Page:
I studied theoretical physics at the Faculty of Mathematics and Physics of the
Charles University in Prague. In those early years, I was rather mathematically inclined. See my
diploma thesis (in Czech!) on a Hopf-algebraic theory of
renormalization, which I defended in 2002 under the supervision of Professor J. Niederle. Since then I have worked at the Nuclear Physics Institute of the Academy of Sciences of the
Czech Republic. Thanks to the broad interests of my advisor, Dr J. Hošek, I touched a number of topics, ranging from dynamical electroweak symmetry breaking to general
properties of spontaneous symmetry breaking in nonrelativistic systems. My humble attempts to understand some of the related problems are summarized in the doctoral thesis which I defended in June 2006.
Starting in 2007, I spent more than three years at the Institute for
Theoretical Physics, Goethe University in Frankfurt am Main as a member of the dense matter group. Since October 2010 I have been a postdoc with the theoretical high energy physics
group of the Bielefeld University. Even though I try to keep working on diverse topics, essentially all my activities can be summarized by the keywords spontaneous
symmetry breaking and quantum many-body (especially relativistic) systems at finite temperature and density. If you are interested in more details, have a look at
my list of publications.
Quantum Mechanics lectures at
the Bielefeld University
The following links refer to my old classes on quantum mechanics and quantum field theory at the Charles University (MFF) and the Czech Technical University (FJFI) in Prague. All
these pages are in Czech!
I guess everyone (well, perhaps at least physicists, maybe just theorists ... anyway, I hope I am not the only one) has faced the situation that they wanted to do some simple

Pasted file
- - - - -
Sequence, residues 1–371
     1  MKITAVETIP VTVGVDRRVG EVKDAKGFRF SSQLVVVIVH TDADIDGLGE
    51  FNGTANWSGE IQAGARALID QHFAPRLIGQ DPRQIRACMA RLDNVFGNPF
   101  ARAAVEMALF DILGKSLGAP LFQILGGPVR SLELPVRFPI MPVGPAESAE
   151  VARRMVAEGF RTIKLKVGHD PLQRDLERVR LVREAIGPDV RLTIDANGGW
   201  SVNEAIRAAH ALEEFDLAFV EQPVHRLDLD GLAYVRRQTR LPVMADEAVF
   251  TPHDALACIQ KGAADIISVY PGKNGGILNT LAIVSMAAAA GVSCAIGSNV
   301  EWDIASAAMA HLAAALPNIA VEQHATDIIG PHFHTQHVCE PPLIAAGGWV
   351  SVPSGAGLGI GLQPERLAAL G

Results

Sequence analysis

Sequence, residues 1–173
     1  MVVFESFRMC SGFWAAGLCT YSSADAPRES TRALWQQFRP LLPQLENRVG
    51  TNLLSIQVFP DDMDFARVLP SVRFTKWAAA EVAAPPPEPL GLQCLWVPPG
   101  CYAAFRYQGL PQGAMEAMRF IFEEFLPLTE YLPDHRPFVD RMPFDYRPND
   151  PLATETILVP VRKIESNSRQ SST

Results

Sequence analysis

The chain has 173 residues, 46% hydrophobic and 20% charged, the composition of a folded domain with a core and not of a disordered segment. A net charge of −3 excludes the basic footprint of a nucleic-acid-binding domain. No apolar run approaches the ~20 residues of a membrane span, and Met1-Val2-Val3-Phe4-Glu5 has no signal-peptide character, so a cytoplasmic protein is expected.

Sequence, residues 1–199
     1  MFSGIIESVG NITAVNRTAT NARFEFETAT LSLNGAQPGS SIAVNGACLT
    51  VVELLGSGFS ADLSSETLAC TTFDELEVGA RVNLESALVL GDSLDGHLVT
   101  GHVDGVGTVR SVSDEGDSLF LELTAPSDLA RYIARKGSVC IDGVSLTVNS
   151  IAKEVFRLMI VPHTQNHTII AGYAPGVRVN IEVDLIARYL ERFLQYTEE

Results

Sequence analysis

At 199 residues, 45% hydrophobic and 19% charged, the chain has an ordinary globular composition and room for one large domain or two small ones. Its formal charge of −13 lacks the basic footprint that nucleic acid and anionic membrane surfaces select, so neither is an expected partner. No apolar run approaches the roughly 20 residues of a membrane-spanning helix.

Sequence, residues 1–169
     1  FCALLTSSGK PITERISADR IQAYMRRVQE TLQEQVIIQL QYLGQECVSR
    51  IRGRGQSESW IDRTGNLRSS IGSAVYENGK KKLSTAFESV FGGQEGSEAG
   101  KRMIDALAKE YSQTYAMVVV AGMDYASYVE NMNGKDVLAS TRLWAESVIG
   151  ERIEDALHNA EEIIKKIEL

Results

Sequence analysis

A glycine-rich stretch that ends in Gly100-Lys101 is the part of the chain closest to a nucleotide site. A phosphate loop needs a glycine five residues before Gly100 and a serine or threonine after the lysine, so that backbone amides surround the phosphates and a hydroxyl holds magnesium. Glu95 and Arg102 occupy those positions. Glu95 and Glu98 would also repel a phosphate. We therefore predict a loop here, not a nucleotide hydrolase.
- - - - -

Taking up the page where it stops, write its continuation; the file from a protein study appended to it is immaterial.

calculation including all factors such as 2π correct, and did not have their favorite textbook with the necessary formulas at hand. Moreover, each book usually makes use of a slightly
different notation, which may be quite annoying when one needs to combine several sources. With this motivation, I started as a PhD student to write down my own set of potentially useful formulas
so that I did not have to rely on literature. I have also added a few more detailed pieces of text on miscellaneous topics. Don't expect any big science, this is all simple textbook material, but
hopefully someone might find it useful.
(pdf) Some basic notes on differential geometry of surfaces in Euclidean space.
(pdf) How to calculate traces of differential operators: method of (covariant) symbols.
(pdf) Notes on the LOFF phase in imbalanced superconductors.
(pdf) Some more advanced loop integrals as well as finite-temperature sum-integrals using dimensional
regularization. Only integrals that I checked and/or used myself are included; much more complete lists are available in literature.
(pdf) Algebra of block matrices and the basic formulas of the Nambu-Gorkov formalism; derivation of the
Grassmann integral on the Nambu space.
(pdf) Derivation of the Haar measure for unitary groups.
(pdf) Details on fitting parameters in the two-flavor NJL model using various regularization schemes. (Just for practitioners; if
you don't know what NJL model is, ignore this.)
(pdf) Notes on the BCS theory and the derivation of the Ginzburg-Landau functional.
(pdf) General theory of Fierz transformations with explicit expressions for the Fierz coefficients of the
Lorentz algebra in both the particle-antiparticle and particle-particle channels (including Lorentz-violating, rotationally-covariant fermion bilinears).
(pdf) Cross sections and decay rates; basic formulas.
(pdf) Loop integrals using Feynman parameterization; explicit expressions for the divergent and
finite parts of the integrals in dimensional as well as cutoff regularization.
(pdf) Algebra of Dirac gamma matrices; most standard and some less standard formulas.
Fakultät für Physik
E-mail: tbrauner at physik dot uni-bielefeld dot de